• Appeal to competitive nature. Most leadership professionals have a competitive spark in them. Not all are driven to always be first, but none ever want to be last. This closely relates to transparency of the results – going back to push-ups, the thought has often crossed Philip’s mind in his boxing gym that, “I know I will not be the guy who does the most push-ups, but there is no way I am quitting before THAT guy!”
  • Money. Creating monetary incentives for performance and change is certainly an effective tool of motivating behavior. It just should not be used in isolation or to an excessive degree. Many parents have learned that lesson the hard way – if you use candy as a motivator, eventually you run out, not to mention creating some health issues for your kids. Money works best if it is combined with the rest of the levers. If in your firm, management, culture and ambition combine to push your partners to achieve more, then the incentive plan that compensates that achievement will not only be very effective, but it will also be seen as fair.
  • Scorecards. Balanced scorecards can also promote accountability. A balance scorecard can go well beyond the simplistic measures and can look at goals and objectives set by the firm and the planning process used. We often have the bias of searching for “objective” measures and shying away from “subjective” categories of performance measurement. However, we have to remember that some of the most valuable forms of contribution are qualitative and not easily measured – quality of relationships, excellence in service, ability to mentor, morale and teamwork – those are just a few examples. Peer, upstream and top-down evaluations can work well for incorporating those into the scorecards. Once implemented, balanced scorecards can also be tied to a variety of mechanisms such as bonuses, recognition and performance status.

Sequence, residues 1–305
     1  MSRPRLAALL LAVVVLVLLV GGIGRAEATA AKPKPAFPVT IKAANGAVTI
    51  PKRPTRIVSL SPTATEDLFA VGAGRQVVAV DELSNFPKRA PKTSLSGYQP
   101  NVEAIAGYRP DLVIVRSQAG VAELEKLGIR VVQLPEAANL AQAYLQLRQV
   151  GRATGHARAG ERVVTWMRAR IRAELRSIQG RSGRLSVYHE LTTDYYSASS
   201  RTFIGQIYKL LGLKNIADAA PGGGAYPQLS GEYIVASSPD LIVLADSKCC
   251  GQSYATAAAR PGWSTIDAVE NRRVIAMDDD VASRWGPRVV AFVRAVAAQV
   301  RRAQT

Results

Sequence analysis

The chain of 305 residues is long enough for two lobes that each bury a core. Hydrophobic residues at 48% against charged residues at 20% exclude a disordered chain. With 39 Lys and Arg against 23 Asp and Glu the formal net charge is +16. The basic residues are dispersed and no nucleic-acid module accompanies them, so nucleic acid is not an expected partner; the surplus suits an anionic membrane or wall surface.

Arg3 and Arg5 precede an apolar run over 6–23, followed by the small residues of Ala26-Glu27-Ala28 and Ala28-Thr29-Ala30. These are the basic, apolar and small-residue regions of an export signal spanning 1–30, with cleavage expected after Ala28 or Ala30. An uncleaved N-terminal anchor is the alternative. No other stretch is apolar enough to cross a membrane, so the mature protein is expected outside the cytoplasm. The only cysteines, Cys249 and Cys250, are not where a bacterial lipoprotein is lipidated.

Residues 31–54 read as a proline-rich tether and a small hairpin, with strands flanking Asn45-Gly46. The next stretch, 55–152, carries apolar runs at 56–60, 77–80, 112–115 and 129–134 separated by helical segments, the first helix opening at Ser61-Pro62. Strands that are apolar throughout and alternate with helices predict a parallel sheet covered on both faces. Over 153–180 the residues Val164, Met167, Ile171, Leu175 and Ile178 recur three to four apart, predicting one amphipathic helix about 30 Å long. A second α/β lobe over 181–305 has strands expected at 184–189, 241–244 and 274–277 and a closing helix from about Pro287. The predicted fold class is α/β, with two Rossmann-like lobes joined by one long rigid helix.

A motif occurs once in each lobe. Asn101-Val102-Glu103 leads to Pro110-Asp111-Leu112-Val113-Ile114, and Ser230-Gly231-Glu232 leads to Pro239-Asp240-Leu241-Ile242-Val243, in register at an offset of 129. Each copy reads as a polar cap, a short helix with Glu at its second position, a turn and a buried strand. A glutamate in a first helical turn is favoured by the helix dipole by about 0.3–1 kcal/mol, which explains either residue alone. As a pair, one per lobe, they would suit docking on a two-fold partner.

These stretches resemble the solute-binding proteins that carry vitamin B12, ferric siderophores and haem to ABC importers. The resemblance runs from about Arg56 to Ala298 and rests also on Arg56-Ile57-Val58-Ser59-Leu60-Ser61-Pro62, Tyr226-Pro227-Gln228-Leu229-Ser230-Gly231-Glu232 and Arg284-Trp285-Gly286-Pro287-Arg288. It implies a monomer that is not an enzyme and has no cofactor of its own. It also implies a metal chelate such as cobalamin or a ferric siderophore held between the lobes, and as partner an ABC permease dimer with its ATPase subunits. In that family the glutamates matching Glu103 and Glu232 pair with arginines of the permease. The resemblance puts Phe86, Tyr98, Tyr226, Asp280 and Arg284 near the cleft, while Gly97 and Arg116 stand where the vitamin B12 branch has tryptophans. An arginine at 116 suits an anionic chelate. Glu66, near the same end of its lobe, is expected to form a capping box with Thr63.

• Other rewards. We have worked in many turnaround situations in organizations where there was no new money to reward outstanding performance and none would be available for a long time. Yet, high-quality leaders have stayed engaged and created life-sustaining changes in the organizations. They found other forms of reward that are just as compelling as money. Love of their team plays a role for some. The potential for future promotion, esteem, future compensation and a determination to win are among other drivers that kept them going forward.